On Tuesday, Service rolled out a feature called Protect that aims to make it even easier for customers to take advantage of its business proposition. Protect adds a couple of new elements to the app, such as synching with email accounts so it can ...and more »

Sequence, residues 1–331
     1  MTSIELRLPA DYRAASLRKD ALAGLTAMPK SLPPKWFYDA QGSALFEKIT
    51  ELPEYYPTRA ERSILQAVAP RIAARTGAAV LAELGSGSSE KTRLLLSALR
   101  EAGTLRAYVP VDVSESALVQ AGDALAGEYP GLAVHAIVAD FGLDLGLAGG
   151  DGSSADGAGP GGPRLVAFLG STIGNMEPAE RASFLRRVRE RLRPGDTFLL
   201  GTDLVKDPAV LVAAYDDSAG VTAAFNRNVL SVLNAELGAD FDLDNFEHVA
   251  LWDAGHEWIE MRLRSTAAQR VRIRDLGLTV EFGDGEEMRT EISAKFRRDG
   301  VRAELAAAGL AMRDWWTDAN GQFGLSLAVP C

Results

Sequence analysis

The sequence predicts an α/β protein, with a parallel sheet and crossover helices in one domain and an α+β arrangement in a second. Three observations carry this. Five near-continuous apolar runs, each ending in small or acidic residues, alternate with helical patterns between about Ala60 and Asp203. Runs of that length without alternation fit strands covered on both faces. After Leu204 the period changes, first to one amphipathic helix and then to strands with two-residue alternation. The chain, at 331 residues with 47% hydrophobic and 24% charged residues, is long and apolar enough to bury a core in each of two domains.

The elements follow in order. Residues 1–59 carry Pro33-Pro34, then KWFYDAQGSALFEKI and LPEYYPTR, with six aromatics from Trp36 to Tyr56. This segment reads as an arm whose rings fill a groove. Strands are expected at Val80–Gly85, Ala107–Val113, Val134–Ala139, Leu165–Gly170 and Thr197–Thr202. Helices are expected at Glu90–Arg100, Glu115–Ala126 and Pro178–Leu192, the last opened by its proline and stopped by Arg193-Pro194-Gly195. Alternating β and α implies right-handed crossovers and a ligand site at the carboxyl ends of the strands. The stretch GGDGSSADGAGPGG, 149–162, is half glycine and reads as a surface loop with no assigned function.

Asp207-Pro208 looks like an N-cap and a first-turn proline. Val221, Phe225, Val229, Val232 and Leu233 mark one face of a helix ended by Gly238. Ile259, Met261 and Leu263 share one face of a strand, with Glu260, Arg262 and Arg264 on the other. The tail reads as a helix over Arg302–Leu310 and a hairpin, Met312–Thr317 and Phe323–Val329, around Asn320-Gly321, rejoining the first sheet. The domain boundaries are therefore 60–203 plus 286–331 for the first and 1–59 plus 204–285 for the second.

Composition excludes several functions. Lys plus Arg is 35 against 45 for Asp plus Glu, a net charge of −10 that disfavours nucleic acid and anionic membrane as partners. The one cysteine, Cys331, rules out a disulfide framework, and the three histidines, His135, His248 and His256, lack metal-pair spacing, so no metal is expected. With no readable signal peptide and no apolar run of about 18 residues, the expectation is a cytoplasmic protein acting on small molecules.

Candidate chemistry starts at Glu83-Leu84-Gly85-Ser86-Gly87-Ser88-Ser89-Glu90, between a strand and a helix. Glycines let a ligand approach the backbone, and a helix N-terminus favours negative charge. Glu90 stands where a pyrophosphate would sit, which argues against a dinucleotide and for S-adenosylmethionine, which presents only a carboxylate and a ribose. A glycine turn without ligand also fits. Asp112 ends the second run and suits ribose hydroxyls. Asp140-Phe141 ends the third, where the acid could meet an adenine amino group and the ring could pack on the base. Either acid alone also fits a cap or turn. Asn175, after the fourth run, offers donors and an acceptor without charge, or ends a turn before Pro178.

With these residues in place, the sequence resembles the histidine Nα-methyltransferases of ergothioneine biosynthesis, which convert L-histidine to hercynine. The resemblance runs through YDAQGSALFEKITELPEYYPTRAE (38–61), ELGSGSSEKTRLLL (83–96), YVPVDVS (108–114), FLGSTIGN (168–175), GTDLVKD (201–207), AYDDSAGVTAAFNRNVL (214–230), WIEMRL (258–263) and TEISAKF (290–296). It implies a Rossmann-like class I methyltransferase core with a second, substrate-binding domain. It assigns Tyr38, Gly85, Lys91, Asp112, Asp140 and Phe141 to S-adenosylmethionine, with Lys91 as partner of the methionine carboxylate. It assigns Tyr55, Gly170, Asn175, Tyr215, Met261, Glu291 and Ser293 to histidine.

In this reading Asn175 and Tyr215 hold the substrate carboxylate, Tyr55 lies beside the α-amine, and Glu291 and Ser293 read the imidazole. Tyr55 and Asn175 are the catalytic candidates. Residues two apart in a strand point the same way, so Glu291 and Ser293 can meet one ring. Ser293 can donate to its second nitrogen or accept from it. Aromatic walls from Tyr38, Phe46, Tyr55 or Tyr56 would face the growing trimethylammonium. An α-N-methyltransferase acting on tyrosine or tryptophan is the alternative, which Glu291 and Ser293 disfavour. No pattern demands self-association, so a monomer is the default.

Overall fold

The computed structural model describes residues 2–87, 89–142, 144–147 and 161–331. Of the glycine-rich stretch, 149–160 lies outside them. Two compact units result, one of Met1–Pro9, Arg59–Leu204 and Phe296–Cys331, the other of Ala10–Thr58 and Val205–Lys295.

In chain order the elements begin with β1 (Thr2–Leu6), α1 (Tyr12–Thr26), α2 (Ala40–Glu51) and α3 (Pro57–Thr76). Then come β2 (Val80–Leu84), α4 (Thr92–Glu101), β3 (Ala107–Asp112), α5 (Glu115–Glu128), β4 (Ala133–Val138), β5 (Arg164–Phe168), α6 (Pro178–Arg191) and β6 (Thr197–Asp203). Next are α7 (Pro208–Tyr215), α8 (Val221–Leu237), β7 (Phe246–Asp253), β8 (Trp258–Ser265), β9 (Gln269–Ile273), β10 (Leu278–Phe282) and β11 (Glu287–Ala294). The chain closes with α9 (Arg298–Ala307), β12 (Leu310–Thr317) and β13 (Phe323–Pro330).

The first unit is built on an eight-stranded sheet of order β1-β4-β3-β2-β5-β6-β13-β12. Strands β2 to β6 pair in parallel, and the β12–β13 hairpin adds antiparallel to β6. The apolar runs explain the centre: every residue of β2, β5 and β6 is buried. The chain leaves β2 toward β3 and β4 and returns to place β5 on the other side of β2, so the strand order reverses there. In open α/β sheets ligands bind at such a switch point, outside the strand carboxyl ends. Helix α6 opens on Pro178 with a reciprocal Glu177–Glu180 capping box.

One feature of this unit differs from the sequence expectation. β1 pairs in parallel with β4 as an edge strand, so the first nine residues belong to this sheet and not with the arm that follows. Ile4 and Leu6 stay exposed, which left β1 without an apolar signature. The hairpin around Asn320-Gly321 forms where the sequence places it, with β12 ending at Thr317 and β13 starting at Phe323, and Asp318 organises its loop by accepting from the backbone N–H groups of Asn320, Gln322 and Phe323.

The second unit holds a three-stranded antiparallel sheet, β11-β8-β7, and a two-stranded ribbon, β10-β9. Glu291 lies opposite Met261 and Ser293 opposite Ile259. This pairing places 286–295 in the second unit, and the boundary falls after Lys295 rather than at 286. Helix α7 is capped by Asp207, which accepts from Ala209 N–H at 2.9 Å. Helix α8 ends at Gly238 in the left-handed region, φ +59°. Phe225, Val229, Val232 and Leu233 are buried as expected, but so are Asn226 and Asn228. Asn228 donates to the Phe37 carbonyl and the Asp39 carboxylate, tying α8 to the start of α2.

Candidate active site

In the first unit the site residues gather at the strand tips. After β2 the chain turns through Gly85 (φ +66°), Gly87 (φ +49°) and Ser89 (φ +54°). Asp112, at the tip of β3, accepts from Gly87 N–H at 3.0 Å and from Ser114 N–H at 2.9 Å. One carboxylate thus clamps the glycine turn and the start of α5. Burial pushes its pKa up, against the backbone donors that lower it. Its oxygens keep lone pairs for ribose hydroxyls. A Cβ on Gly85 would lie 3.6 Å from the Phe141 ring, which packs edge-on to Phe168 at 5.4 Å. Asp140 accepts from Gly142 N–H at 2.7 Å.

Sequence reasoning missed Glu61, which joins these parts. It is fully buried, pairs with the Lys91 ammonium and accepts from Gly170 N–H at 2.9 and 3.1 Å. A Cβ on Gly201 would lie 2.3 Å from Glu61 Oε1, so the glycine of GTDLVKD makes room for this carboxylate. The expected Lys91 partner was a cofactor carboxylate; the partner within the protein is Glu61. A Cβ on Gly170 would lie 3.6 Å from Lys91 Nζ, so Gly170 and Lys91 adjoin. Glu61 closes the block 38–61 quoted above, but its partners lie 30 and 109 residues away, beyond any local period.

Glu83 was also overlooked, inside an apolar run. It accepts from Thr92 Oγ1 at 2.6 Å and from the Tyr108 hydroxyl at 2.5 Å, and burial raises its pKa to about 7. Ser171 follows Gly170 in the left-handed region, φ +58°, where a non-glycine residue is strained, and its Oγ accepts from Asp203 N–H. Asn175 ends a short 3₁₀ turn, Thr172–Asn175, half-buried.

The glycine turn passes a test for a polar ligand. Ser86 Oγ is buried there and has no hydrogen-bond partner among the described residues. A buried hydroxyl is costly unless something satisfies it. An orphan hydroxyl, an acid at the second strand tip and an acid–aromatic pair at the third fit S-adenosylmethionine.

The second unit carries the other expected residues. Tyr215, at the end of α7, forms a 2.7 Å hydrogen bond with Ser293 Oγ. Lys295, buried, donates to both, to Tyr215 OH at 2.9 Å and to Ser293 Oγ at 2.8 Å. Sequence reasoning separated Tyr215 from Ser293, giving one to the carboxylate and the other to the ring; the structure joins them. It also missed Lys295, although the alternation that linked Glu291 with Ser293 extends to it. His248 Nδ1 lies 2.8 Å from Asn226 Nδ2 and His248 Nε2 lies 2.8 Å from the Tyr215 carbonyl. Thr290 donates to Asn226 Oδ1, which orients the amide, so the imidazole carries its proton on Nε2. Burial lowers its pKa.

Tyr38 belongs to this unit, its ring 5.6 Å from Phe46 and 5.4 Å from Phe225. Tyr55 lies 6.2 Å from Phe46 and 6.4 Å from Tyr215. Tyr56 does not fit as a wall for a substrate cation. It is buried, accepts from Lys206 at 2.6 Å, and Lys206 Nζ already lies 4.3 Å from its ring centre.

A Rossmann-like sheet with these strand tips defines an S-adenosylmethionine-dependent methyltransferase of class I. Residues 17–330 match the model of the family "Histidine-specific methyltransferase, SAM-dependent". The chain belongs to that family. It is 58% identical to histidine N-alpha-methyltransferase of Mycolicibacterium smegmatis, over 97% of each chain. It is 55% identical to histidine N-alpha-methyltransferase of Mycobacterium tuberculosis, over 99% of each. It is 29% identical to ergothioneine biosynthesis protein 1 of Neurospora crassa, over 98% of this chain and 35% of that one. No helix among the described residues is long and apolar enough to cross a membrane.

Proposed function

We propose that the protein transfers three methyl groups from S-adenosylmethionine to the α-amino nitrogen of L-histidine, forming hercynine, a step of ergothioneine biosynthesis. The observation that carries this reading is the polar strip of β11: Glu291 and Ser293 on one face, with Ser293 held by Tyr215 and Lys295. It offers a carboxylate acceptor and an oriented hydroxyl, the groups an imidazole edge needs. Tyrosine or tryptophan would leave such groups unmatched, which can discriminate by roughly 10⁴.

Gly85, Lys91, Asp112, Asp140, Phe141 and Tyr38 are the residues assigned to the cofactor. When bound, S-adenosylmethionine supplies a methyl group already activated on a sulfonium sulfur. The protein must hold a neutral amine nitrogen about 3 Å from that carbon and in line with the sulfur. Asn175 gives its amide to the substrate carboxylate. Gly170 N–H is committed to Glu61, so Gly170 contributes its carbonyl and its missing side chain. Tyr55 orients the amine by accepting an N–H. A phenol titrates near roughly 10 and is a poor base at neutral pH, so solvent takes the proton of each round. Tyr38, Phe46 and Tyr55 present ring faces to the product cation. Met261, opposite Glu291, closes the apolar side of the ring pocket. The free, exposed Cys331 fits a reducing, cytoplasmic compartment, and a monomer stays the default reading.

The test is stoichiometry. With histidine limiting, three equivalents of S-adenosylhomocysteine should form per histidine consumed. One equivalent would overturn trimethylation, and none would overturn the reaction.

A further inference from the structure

NEW YORK (CNNMoney) - Service is fighting a very good fight. It wants to handle all your customer service woes.The startup, which launched its free app in December, uses a mix of technology and humans to get customers money back for service issues. Or, at the very least, it aims to save you a lot of time emailing and talking to customer service reps.On Tuesday, Service rolled out a feature called Protect that aims to make it even easier for customers to take advantage of its business proposition. Protect adds a couple of new elements to the app, such as synching with email accounts so it can automatically detect receipts and itineraries. If you've had an issue with a receipt or service, one tap can alert Service to look into it.It'll also monitor travel and flight itinerary and send a notification if you might be able to get compensated for delays or cancellations. Service is playing in a crowded, albeit noble, space. Startups like Trim and TrueBill help unearth subscriptions tied to your bank account or credit card to cancel unwanted ones. Pypestream launched a modern-day call center for customers to text with select businesses directly. And, Facebook announced Bots for Messenger in April.Meanwhile, AirHelp tackles flight compensation directly, but it hinges on a European law that requires passengers to be compensated financially for canceled or overbooked flights (unless there's an extraordinary circumstance -- like weather -- involved). Service, however, wants to step in to help people with domestic flights, not just for flights that originate or arrive in an EU airport."While European carriers legally must compensate delayed passengers, U.S.-based carriers aren't required to but often do so as a gesture of good will," said Service CEO Michael Schneider.Service has saved or recovered close to $1 million for its users to date, said Schneider. Depending on the request, fulfilling it could take anywhere from days (Uber, Amazon) to months (airlines).Recent fulfilled requests include getting one woman a $25 Amtrak voucher as an apology for buying a $8 salad on the train that was frozen solid at the bottom. The train attendant originally said she couldn't be refunded because it was partially eaten. Another request example: A couple sought a full refund of $2,200 for their babymoon getaway after finding out it was a destination impacted by the Zika virus.Service, which has raised $3.6 million in funding, said it turns down 25% of requests -- those it doesn't think are fair or reasonable complaints.